The Changing Role of the American News Media

The Influence of the Media on Politics
•The Pervasiveness of Television
- Television becomes major news source in 1960s.
- It remains a major news source today.
- Movement away from network news to cable.
- Growth of comedy news programs.
•The Persistence of Radio
- Radio news evolved in early 1900s.
- Today, talk radio is a source of political commentary.
•The Declining Importance of Newspapers
•The World Wide Web
The Influence of the Media on Politics
Whenever there is a crisis,
most people turn first to
television for information
The Pervasiveness of Television
The growth of around-the-clock cable news and
information shows is one of the most important
developments in recent years. Half of the public are
regular viewers of CNN, CNBC, MSNBC, or Fox News.
Radio and Newspapers
•One household in 100
does not have a radio,
compared with 4 in 100
without television
•Daily newspaper
circulation is one copy for
every six people
•9 out of 10 people listen
to the radio every week; 8
out of 10 do so every day
•Core newspaper audience
is aging
•USA Today is the nation’s
top-circulation newspaper
The Internet
Internet Access
15-24 yrs.
25-34 yrs.
35-44 yrs.
45-64 yrs.
65 + yrs.
White, non-Hispanic
African American
Hispanic (any race)
Educational Attainment
Technology Gap or Digital Divide
Less than high school 9.0%
High school/GED
Some college or associate
Bachelor or higher 73.5%
Family Income
Less than $25,000
$25,000 - $49,999
$100,000 or more
In 2007, 29% of Americans surveyed
did not have Internet access anywhere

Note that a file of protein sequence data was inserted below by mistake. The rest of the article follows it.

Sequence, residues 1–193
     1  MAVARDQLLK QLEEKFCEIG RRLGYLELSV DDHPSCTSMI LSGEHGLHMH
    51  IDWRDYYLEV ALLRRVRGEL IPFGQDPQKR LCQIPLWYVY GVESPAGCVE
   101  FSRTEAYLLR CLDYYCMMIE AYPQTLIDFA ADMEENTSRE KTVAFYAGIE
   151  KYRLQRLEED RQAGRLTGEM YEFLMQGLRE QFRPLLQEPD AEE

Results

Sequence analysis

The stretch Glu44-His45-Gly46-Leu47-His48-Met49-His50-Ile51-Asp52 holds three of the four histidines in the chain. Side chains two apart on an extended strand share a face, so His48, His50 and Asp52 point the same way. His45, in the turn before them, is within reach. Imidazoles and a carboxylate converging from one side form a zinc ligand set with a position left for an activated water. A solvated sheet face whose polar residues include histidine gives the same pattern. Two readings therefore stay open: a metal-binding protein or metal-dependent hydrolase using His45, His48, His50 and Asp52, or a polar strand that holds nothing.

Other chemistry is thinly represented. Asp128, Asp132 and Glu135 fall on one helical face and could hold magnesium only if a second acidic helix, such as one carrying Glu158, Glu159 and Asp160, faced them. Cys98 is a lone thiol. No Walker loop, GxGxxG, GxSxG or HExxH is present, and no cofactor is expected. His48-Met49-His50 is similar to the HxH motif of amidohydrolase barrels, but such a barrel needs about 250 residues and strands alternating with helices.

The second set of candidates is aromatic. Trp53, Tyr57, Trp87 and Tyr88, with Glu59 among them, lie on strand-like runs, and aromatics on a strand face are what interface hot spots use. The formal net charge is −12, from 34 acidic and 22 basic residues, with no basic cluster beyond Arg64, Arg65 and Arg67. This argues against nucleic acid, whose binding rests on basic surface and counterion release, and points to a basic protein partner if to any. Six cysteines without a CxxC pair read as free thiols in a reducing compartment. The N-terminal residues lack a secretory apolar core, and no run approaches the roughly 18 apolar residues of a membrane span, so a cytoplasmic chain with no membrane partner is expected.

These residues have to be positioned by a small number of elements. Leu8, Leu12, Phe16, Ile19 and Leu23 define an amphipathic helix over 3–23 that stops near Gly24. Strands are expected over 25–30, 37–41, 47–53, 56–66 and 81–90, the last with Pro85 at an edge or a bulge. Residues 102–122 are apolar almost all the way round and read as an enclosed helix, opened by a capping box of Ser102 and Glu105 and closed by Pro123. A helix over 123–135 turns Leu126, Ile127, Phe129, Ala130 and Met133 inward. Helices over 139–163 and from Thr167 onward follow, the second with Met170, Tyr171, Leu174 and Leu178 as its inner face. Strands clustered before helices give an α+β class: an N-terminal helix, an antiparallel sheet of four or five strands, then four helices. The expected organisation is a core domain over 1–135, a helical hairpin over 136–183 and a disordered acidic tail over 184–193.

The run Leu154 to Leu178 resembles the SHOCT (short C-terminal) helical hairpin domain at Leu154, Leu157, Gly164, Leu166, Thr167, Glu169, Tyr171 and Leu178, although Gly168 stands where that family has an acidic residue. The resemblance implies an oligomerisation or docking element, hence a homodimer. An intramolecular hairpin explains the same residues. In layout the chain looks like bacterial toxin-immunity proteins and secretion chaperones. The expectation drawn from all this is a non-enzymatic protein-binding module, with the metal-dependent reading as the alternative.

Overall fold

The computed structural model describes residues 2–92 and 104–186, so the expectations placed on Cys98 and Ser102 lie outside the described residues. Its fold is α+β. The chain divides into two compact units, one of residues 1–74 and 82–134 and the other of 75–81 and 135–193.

Internet Access by Selected
Characteristics: 2009 (in percentages)
The Changing Role of the American News Media
Political Mouthpiece The Power of the Media
The media not only provide an
arena for politics; they are
themselves players in that arena
The Power of the Media
Where Americans Get Their News
The Changing Role of the American
News Media
•Financial Independence
•“Objective Journalism”
A Sampling of Rupert Murdoch’s holdings
Why should we be concerned
about the concentration of
ownership in the media?
A shrinking number of owners and editors
exercise great power over what is
communicated to large numbers of people.
The Changing Role of the American
News Media
•The Impact on Broadcasting - Franklin D.
Roosevelt was the
first president to
recognize the
effectiveness of
radio to reach the
-The televised Presidential Debate
between Kennedy and Nixon
The Changing Role of the American
News Media
Newspapers first appeared as
early as 1690.
First newspaper: Boston NewsLetter, April 1704
– Avoided controversial issues
During Revolutionary War,
newspapers abandon impartiality
and work to build resistance to
British policies
1833 advent of the penny press
1848, creation of the Associated
Yellow journalism
Centralization of ownership of
newspapers in early 20th century
has continued to this day
-“You provide the pictures,
I’ll provide the war.”
The Changing Role of the American
News Media
•Investigatory Journalism
 Seymour Hersh and the Pentagon
 Robert Woodward and Carl Bernstein
and Watergate
 Nina Totenberg and Clarence Thomas
 Michael Isikoff and Monica Lewinsky
The Changing Role of the American
News Media
•Media Conglomerates
Some of the largest include:
CBS Corporation & Viacom
(owned by National Amusements)
Comcast Corporation
General Electric
Hearst Corporation
News Corporation
Time Warner
Grupo Televisa
The Times Group
The Walt Disney Company
The Changing Role of the American
News Media
•Regulation of the Media
• Standards and norms of the journalistic profession.
• 1996 Telecommunications Act.
• Content regulation of the broadcast media.
• Equal time rule.
• Prior restraint not permitted.
Mediated Politics
•The Media and Public Opinion
One very popular tactic of politicians trying to get
free press is to stage “pseudo-events”
Mediated Politics
•The Media and Public Opinion
Officials want to control
information about
themselves and their
policies, including the
way such information is
framed and presented
by the media
Mediated Politics
•Factors That Limit Media Influences on
Public Opinion
•Political Socialization
•Recall and Comprehension
•Audience Fragmentation
Are the Media Biased?
What do these figures imply about the practice of selective exposure?
Sources of Media Power
The power to set the context,